Set designs by John Macfarlane for Liam Scarlett's Frankenstein.
(Courtesy The Royal Ballet)

Liam Scartlett

I have been fortunate to meet Liam Scarlett. He is engaging, very attractive, and highly talented, and probably the most admired new choreographer in the world.

Scarlett is a classically trained dancer who boldly adds his own quirky, engaging, idiosyncratic, and witty choreography.

Choreographically, ‘Frankenstein’ is tied, and bound and laced with emotional characterizations, and filled with daring movement that is distinctly Scarlett’s. You’ll be captivated by the quirky choreography that Ricardo Cervera, a ballet master at The Royal Ballet, calls “Liamisms.”

Frances Chung and Joseph Walsh rehearse Scarlett’s Frankenstein (©Erik Tomasson)

San Francisco Ballet rehearses Scarlett’s Frankenstein (©Erik Tomasson)

Liam Scarlett tells the story of ‘Frankenstein’ through movement in a poetic way, embodying all the dualities of Shelley’s book—mystery, beauty, humanity, lies, love and hate, curiosity and fear, desire and guilt—within one man, Victor Frankenstein.

That duality is amplified by the overarching design concept.

In every scene, we see two worlds: Victor’s, represented by the 18th-century buildings he inhabits, and the Creature’s world, a landscape described by scenic and costume Designer John Macfarlane as conveying “an overwhelming sense of emptiness.”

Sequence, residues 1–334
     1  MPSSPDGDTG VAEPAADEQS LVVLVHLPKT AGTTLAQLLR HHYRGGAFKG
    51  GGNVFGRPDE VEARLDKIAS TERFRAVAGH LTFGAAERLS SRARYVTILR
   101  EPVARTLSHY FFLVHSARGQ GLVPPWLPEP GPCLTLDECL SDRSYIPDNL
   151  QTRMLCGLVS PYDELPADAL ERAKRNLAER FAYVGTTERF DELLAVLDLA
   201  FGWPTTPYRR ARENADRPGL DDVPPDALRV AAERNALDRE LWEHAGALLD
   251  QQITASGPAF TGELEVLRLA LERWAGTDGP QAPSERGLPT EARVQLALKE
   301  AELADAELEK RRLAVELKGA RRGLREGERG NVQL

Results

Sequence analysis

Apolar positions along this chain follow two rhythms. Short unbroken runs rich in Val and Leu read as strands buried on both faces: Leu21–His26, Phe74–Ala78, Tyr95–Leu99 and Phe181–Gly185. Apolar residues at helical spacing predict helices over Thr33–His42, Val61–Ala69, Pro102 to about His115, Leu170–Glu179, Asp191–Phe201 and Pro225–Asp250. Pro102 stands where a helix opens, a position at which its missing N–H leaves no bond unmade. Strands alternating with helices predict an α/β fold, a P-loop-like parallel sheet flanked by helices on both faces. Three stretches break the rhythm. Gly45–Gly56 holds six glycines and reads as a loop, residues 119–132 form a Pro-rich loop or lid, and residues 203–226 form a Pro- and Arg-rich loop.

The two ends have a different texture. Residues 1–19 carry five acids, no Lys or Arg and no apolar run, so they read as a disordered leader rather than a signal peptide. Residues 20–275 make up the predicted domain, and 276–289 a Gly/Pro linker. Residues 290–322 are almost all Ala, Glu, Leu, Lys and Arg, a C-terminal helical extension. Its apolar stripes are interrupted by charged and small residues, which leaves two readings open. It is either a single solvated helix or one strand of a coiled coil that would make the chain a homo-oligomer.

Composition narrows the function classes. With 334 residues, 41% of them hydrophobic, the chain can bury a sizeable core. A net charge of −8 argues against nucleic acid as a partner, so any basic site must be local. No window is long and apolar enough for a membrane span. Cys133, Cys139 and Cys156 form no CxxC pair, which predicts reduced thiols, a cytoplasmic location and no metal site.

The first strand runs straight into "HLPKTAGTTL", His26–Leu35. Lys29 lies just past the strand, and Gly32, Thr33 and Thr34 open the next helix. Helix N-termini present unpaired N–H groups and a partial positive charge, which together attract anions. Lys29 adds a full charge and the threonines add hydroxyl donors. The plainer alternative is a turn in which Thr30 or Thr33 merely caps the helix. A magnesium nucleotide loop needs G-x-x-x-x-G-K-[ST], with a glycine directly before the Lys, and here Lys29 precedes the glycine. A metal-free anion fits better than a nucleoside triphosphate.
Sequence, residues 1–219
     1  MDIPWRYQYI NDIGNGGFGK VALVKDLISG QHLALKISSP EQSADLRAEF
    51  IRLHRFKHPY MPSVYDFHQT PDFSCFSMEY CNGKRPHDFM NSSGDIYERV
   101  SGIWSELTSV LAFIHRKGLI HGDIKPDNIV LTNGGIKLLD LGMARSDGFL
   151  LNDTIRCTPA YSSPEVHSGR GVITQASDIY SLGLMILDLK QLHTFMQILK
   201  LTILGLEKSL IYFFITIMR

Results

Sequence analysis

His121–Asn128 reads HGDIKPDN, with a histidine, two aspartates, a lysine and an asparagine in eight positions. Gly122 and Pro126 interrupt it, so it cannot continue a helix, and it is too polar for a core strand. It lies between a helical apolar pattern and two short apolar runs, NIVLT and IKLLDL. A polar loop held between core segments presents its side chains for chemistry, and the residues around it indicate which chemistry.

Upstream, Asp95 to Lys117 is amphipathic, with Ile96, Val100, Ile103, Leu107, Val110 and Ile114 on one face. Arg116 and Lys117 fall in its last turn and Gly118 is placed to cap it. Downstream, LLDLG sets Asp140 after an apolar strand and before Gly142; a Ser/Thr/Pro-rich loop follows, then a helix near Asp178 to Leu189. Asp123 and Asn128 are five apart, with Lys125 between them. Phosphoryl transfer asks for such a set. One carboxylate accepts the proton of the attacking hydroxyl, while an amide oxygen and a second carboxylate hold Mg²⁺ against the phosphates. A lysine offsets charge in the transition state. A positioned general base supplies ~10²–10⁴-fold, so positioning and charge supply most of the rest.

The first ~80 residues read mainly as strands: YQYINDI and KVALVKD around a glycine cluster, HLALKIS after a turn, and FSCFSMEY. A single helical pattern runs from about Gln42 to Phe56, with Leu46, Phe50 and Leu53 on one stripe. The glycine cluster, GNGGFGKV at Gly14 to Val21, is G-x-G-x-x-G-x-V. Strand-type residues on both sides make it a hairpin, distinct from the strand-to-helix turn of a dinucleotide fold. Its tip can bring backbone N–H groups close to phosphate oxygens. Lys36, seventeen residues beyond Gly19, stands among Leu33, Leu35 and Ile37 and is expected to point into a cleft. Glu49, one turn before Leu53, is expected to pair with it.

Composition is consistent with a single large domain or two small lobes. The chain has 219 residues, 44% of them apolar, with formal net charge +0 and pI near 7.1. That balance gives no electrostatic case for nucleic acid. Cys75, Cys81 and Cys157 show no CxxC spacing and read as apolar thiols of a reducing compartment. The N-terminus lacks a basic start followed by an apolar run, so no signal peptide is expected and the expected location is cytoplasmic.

When Kevin O’Hare, The Royal Ballet’s artistic director, pitched the idea to Helgi Tomasson, SF Ballet’s artistic director and principal choreographer, he described Scarlett’s vision for the production.

“I was intrigued right away,” said Tomasson. “I’m always looking for something new, and it’s hard to find full-length stories that are different and daring.”

Prepare for a glorious evening.

Maria Kochetkova and Joseph Walsh in Wheeldon's Cinderella©.
(© Erik Thomassen)

Maria Kochetkova and Davit Karapetyanin Tomasson's Swan Lake.
(© Erik Tomasson)

The Importance of Feeding the Eye and Heart — New Works I’m Looking Forward to Seeing

Here are programs I’m looking forward to the most. Naturally, we don’t have images of the newest ballets which are in rehearsal but have not been performed on stage.

Fragile Vessels (World Premiere)

Composer: Sergei Rachmaninov
Choreographer: Jiří Bubeníček
Scenic Design: Otto Bubeníček
Costume Design: Uroš Belantič
Lighting Design: Jim French

World Premiere: 
January 24, 2017

A ballet from Czech choreographer Jiří Bubeníček, is a package deal: Jiří and his twin brother, Otto, collaborate on creating works for companies in North America, Europe, and Asia. In choreographing Fragile Vessels for San Francisco Ballet, Jiří had Otto at his side, as designer, assistant, and advisor. What this prolific choreographer has created is a ballet that carries tremendous emotional weight for him, in both music and concept.